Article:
Cast: Amala Paul, Ramya Subramanina, Sriranjini, Vivek Prasanna
Rathna Kumar’s Aadai, starring Amala Paul, begins with a history lesson. It tells the story of Nangeli, an Ezhava woman in Kerala who protested against the “Breast Tax” imposed by the land-owning Brahmin king. Nangeli claimed her right to dress however she wanted and also refused to pay the tax. When she was harassed for her dissent, she cut off her breasts and died due to blood loss. This is a fascinating premise to begin Aadai with, not just because of its unfortunately timeless politics of caste and oppression of women, but also the fact that cutting off of one’s breasts is a recurring motif in South Indian literature, specifically Tamil literature. Nangeli is from Kerala but Kannagi, in furious protest, cuts off her left breast and flings it over the city of Madurai. In ‘Nachiyar Tirumozhi’, Andal too writes about plucking off her breasts after growing frustrated with Govardhana. Aadai begins with the promise of taking on Brahminical patriarchy, inspired from the myths of Kannagi to the very real story of Nangeli that began as an early effort to annihilate caste.
Cut to present, Kamini (Amala Paul) is an unapologetic TV host who has upped the TRPs of her channel by introducing a prank program. The pranks seem less fun and more cruel, an opinion that is not lost on the director and the people around Kamini. The early portions of Aadai can seem performative, trying to establish just how no holds barred Kamini can be – she is fiercely independent, drives a bike, doesn’t care about others’ feelings. While on one hand it’s all a little cliched “feminist woman” iconography of Tamil cinema, on the other it is refreshing to see a principal woman character not painted as a saint. Even if the events can be contrived, the filming isn’t, so it never comes across as artificial – you can buy into the existence of not just Kamini but also her colleagues and friends at the TV channel played by Vivek Prasanna and Ramya among others. There is a drug-addled sequence filmed with a lot of colour and commotion, even an image from 2001: A Space Odyssey making it to the list, the morning after which Kamini’s nightmares begin.
It’s a curious juxtaposition. In an early scene, Kamini is jolted up by a dream that she thinks is a nightmare. She is clad in saree and jewels, praying in a temple and lighting a lamp. It is potent and offensive enough for her to take refuge in reality, far more desirable than what she saw in the dream. But her nightmare comes in another form – once again she’s jolted up into feverish reality and at once hopes that it all be just a dream. Aadai is then like Vikramaditya Motwane’s Trapped but with a naked woman in an abandoned building. The metaphor hunters can go to town with this. Every objectifying, patriarchal pithy is applicable. A man noticing something is afoot goes up the building and one can only imagine what’s on his mind – his ringtone suggests a different interpretation of a famous song, a handful of irony. Rathna Kumar films these sequences with a distant sensitivity, the camera is admirably dispassionate and never intruding. Only the men in the film are. A moment unfolds through the iron pipe that Kamini holds as a weapon. Lights come on in a race to catch up with fleeing Kamini, as if the woman is forced to do the impossible – run faster than the quickest thing in nature.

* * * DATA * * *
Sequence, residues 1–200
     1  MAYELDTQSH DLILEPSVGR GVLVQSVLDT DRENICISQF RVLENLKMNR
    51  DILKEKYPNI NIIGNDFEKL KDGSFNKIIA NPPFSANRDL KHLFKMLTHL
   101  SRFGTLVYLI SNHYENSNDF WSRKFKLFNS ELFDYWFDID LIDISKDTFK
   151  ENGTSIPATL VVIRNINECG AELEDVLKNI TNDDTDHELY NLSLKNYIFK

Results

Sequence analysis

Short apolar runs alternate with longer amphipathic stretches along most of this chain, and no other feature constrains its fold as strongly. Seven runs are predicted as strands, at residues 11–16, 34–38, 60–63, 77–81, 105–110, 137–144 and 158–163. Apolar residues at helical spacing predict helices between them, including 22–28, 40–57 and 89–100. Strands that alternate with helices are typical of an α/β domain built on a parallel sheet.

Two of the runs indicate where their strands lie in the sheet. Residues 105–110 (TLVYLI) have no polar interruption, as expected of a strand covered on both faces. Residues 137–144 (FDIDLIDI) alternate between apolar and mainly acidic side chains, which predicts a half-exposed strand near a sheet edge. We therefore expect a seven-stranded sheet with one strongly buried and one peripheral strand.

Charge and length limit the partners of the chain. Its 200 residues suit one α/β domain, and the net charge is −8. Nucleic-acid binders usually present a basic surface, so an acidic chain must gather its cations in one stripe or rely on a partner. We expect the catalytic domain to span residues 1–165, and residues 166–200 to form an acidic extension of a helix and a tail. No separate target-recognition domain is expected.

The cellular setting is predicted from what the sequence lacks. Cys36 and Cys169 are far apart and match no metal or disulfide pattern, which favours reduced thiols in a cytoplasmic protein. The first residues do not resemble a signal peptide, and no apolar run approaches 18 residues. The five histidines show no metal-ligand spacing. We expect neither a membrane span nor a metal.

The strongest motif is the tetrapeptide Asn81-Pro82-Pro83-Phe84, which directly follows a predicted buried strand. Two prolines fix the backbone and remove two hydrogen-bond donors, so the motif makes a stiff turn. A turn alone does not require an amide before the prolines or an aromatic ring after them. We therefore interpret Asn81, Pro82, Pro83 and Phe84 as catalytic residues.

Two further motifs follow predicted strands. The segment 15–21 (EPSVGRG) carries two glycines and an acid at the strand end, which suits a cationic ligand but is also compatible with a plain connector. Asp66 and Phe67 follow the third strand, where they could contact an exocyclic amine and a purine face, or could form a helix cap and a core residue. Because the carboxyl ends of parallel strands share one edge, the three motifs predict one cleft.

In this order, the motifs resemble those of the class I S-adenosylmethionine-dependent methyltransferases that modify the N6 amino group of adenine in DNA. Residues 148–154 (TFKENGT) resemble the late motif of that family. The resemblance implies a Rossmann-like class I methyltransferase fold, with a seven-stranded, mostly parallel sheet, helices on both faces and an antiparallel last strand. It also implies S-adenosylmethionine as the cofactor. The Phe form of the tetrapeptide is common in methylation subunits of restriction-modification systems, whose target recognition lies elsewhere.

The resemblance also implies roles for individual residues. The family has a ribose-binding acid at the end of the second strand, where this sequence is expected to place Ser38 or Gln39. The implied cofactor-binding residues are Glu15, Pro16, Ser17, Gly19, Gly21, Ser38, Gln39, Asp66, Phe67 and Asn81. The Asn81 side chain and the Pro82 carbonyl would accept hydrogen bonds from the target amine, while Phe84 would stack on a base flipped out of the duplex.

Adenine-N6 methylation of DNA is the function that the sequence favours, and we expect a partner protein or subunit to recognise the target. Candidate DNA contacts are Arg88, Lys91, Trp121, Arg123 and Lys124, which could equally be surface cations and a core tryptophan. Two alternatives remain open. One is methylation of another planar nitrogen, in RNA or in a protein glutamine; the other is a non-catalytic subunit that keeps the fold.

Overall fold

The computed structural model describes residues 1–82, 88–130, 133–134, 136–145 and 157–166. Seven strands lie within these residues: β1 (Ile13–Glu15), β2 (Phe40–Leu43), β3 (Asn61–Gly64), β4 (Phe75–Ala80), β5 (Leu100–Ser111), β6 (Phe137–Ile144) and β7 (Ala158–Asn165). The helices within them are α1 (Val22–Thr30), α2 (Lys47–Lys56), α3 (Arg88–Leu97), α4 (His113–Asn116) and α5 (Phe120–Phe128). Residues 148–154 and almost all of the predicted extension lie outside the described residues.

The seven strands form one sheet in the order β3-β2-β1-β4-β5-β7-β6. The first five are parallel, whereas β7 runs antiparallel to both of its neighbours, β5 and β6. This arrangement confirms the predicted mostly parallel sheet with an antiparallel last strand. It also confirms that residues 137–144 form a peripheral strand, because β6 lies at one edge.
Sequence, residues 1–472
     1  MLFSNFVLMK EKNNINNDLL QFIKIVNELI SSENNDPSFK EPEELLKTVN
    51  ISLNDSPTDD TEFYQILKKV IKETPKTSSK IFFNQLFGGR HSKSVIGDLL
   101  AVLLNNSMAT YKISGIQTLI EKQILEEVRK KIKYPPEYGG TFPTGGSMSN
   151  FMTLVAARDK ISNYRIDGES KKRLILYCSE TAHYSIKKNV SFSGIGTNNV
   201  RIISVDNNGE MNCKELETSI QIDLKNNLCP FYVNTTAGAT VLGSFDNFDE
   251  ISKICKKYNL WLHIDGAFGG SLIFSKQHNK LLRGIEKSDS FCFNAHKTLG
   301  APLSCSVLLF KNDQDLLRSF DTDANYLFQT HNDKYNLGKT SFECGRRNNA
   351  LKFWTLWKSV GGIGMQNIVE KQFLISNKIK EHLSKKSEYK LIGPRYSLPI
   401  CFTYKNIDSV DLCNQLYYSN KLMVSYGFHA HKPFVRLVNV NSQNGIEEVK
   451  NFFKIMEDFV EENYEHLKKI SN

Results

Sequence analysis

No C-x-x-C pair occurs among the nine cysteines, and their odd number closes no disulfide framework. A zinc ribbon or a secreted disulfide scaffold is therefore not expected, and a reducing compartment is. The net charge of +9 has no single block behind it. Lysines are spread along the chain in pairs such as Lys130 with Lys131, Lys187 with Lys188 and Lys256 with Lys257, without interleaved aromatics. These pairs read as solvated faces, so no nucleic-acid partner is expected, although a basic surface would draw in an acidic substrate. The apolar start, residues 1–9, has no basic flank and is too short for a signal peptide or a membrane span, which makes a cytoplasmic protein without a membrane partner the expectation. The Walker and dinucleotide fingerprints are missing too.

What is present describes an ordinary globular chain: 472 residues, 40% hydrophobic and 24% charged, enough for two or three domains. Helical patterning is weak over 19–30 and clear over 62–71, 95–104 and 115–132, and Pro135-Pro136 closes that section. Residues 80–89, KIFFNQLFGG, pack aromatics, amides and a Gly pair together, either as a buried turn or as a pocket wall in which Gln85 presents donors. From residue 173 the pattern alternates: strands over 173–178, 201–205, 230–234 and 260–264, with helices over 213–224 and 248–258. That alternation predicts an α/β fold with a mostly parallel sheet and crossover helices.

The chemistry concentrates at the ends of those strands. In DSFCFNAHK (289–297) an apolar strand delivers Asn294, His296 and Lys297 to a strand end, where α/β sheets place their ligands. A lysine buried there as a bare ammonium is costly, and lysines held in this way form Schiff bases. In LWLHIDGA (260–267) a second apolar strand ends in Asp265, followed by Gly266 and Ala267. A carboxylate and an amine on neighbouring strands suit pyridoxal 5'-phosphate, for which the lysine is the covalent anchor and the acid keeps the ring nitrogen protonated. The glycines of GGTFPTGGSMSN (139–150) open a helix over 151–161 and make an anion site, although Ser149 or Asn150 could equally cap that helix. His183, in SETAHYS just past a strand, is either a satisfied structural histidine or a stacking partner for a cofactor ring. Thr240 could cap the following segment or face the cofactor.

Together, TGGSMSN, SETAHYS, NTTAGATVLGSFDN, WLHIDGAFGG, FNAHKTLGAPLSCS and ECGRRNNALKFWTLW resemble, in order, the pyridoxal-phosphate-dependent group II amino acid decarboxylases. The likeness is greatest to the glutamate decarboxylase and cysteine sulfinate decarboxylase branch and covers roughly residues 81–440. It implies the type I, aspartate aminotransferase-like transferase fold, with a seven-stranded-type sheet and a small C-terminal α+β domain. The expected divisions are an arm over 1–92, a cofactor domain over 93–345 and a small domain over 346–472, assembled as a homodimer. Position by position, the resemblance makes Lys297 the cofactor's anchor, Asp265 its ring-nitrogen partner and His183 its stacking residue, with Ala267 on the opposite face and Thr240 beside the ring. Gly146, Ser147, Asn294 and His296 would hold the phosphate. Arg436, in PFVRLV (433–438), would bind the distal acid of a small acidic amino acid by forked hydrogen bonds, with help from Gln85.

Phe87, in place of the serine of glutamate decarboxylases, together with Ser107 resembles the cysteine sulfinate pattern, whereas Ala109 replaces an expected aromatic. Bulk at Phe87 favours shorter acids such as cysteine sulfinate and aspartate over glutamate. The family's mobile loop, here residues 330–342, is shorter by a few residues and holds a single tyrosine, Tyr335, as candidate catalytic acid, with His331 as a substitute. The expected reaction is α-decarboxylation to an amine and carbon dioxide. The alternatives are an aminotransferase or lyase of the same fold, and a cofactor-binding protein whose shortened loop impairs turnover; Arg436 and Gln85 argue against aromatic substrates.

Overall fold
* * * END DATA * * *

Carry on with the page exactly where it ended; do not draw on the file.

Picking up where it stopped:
Amala Paul is a blazing presence and she gets the full spectrum – she gets to play the unrepentant Kamini, the vulnerable Kamini and everything in between. Aadai bundles up a lot of themes together and struggles to unpack them in any coherent manner. There is a scene where Kamini tries to reach a woman in a service provider’s customer care, but the woman grows irritable and shuts her off. The employee’s colleague asks her why she didn’t listen, after all this is a woman and we hear enough stories to be concerned. The film spectacularly comes off the rails in the closing portions – introducing a flashback and a misplaced rant against social media. It stops being a film and becomes a lecture, not even something that was scheduled. It is against Facebook, Twitter (a weird form of tweetup is happening outside the building. Who does mass tweetups in 2019?) and poor old Tik Tok. There is a mild hint of body shaming in the way a policeman and his family are shown, and an ill-advised joke on Radha Ravi (though one could argue that the existence of the men making the joke rings true).
However, there are delightful potshots on centrists and an open reference to the sexual harassment charges against Vairamuthu in the form of a lyricist in the film. Is this the first reference in cinema? It’s welcome because if the pro-establishment media won’t get you, Tamil pop culture always will, mainstreaming it in the process. Somewhere in all, this is a genuine effort to say something about different forms of feminism – savarna and intersectional. Kamini’s struggle for survival is then equated to that of countless other women, just not as privileged. The problem is when Aadai loses its remorseless nature and pins blame on Kamini, and paints warnings about using freedom appropriately. The film becomes a confused mixed bag. It’s just not unapologetic enough.
The Aadai review is a Silverscreen original article. It was not paid for or commissioned by anyone associated with the film. Silverscreen.in and its writers do not have any commercial relationship with movies that are reviewed on the site.